6

in Ubuntu 10.10 I really don't want any password on resume on my EeePC, so I have to run

gconftool-2 --set --type=bool /apps/gnome-power-manager/lock/suspend false

and I want two finger middle click, so I have to run

xinput set-prop "ETPS/2 Elantech Touchpad" "Synaptics Tap Action" 8, 9, 0, 0, 1, 2, 3 (that gpointingdevice package can't do anything for me)

Those work, but only until the next resume. For some strange reason Ubuntu always overrides these changes.

I put both commands into a script in /etc/pm/sleep.d/ , but even then after resumes the changes are gone.

Where is this strange behavior coming from? And how do I make those changes permanent?

  • I'm not even able to comment anymore because I spent all my reputation on this bounty, but the answer that was auto-selected does not help at all. This is an unsolved and very annoying problem. – slikts May 24 '11 at 8:23
2

You could add those commands in sh file

#!/bin/sh
gconftool-2 --set --type=bool /apps/gnome-power-manager/lock/suspend false
xinput set-prop "ETPS/2 Elantech Touchpad" "Synaptics Tap Action" 8, 9, 0, 0, 1, 2, 3

save it as startup.sh(for example) and put it in System->Preferences->Startup Applications. Oh and add permission executing this file as program in file context menu->Permissions

  • 1
    This answer is off the mark. He's asking about running a script on resume, because the touchpad settings get reset after resuming from sleep. /etc/pm/sleep.d/ doesn't work, because it probably runs too early. – slikts May 8 '11 at 10:00
2
+50

You should be aware that all sleep.d script run as root and could easily be the problem here.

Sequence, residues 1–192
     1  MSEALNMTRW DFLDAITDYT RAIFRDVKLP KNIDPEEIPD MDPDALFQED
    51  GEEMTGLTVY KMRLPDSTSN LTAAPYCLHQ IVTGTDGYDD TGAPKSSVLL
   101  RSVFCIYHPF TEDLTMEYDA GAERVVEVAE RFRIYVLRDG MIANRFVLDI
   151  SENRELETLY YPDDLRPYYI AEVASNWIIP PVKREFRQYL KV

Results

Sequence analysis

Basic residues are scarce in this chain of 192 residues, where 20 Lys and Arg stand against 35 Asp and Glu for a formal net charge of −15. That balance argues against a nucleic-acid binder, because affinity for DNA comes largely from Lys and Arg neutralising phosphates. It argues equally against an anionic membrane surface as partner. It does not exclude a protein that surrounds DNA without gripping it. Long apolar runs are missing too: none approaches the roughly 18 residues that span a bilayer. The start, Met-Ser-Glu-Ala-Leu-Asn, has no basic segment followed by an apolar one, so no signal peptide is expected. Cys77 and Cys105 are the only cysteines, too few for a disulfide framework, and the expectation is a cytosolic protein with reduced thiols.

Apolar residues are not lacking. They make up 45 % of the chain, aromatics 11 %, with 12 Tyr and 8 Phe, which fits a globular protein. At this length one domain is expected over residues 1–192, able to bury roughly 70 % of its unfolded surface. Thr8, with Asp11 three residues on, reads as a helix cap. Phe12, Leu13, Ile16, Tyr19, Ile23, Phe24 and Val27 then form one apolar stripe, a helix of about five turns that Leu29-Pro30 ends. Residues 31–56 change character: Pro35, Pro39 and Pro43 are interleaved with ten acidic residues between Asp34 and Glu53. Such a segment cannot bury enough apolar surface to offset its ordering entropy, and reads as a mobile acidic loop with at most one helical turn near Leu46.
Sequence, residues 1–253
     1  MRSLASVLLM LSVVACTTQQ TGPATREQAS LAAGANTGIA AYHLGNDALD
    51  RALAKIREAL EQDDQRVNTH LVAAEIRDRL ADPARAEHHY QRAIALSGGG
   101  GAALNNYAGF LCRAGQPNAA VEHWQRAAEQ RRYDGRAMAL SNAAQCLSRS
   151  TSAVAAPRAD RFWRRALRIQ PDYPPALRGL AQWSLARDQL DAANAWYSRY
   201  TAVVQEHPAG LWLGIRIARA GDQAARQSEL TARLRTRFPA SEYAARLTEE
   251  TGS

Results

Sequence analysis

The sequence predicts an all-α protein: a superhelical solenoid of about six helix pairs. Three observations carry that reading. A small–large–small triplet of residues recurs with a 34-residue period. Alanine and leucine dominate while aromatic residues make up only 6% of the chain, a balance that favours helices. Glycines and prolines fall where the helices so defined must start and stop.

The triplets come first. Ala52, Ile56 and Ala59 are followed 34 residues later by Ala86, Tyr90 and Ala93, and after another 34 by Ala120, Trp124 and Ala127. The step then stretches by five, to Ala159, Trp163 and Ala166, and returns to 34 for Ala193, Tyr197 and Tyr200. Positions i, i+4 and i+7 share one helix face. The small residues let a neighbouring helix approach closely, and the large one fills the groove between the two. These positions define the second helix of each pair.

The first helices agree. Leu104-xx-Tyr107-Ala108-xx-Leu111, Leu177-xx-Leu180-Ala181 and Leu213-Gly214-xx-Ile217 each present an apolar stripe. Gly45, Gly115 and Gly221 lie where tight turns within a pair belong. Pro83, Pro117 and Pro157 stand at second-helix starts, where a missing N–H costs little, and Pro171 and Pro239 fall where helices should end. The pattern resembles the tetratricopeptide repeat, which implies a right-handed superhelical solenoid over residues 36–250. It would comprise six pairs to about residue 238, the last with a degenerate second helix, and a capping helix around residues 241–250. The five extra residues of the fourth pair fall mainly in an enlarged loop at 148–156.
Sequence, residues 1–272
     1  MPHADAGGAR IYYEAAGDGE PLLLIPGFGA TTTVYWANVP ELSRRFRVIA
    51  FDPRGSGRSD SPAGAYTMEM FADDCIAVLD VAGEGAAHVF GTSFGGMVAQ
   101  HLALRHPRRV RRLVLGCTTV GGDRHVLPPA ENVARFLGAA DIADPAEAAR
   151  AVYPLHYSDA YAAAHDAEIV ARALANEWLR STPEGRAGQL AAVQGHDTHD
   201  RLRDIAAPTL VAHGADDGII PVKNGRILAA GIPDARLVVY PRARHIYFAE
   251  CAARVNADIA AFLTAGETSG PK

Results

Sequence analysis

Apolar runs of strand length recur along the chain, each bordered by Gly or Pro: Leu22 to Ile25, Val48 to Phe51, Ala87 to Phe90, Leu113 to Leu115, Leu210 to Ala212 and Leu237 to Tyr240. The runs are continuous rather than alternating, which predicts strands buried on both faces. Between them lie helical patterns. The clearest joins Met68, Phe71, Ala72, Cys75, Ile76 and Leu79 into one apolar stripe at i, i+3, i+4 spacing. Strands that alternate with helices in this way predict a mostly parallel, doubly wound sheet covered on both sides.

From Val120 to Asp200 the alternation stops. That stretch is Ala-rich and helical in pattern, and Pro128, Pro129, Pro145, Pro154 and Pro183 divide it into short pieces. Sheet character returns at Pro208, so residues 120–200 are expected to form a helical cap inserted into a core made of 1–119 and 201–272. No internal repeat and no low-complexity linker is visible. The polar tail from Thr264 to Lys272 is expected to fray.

• You can add debugging information to your script such as echo "Touchpad command" which will then appear in the logs. More info

  • Open the logs by using Log File Viewer and find pm-suspend.log then search for the echo comments you added to your script and look for any errors.

  • If you need help deciphering the logs copy and paste them to dpaste and paste that link here.

  • You may be able to run these commands as another user with su username -c command

2

For Ubuntu Oneiric, you should use the new hotplug-command hook. Basically, you create a script using this template that calls xinput with your desired settings somewhere in your path, make it executable, and then:

gsettings set org.gnome.settings-daemon.peripherals.input-devices hotplug-command <script>

The script will be called on startup, resume, and whenever the device is plugged/unplugged.

1

I just added this as /etc/pm/sleep.d/99_touchpad (don't forget to chmod +x.) Works fine in Debian Wheezy so it should work the same in recent Ubuntu versions:

#!/bin/sh
PATH=/sbin:/usr/sbin:/bin:/usr/bin
case "${1}" in
        hibernate)
                ;;
        resume|thaw)
        DISPLAY=:0.0 su <username> -c /home/<username>/touchpad.sh
                ;;
esac

Substitute your own user name of course. My touchpad.sh (which is also called via "Startup Applications") is

#!/bin/bash
dev="ETPS/2 Elantech Touchpad"
# Use xinput --list-props "ETPS/2 Elantech Touchpad" to list data
xinput set-prop "$dev" "Synaptics Tap Action" 8, 9, 0, 0, 1, 2, 3
xinput set-prop "$dev" "Synaptics Locked Drags" 1
xinput set-prop "$dev" "Synaptics Locked Drags Timeout" 500

to set locked dragging and two-finger middle click.

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